“What we have done special is that how we have composed the products in the room settings. What we are trying to do is to be relevant for the local market. We have done around 1,000 home visits and research was based on how people live and how they want to live and then we are putting our products in a unique way that represents the Indian needs. If you compare the rooms in IKEA Hyderabad to IKEA Sweden, the main difference is how the rooms are composed and products are composed,” adds Antoni.
On the basis of visiting 1,000 homes in India, Christian Kampe, Sales Manager, IKEA India has narrowed down living room and kitchen categories contributing major chunk to the sales.
IKEA is planning to change around 25 percent of the entire range every year.
IKEA’S business idea is based on ambition of reaching the many people with thin wallets. As it sets a goal to reach 200 million people in the next three years, the foundation for a strong and relevant offer is affordability and accessibility. IKEA will attract the many different segments in society and not just the few. Everyone is welcome to shop at IKEA where 1,000 products are priced below Rs 200.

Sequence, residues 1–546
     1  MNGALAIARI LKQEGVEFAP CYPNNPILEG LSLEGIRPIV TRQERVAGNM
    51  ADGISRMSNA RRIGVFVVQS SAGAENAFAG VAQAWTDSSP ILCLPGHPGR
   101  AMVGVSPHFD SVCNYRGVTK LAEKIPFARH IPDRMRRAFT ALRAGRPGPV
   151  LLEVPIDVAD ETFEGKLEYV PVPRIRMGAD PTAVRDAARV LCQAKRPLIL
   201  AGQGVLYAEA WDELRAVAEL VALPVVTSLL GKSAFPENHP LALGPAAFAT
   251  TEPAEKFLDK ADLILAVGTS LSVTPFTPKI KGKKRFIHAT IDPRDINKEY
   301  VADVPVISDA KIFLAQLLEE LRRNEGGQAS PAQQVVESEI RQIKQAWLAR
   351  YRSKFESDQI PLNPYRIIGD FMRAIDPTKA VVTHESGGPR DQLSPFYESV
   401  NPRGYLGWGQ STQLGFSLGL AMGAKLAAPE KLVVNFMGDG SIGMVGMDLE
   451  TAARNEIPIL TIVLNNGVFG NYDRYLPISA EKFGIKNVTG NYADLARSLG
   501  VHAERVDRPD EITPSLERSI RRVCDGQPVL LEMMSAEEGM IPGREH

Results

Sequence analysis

In terms of the products, the company has brought its classic IKEA range along with a small percentage of locally relevant products for the Indian market like masala boxes, pressure cookers, tawas, idli makers, colourful sheets and mattresses made with coconut fibre centre. Customers will also be able to buy global classics like the Billy bookcase, Klippan sofa, Lack table and POaNG armchair among others.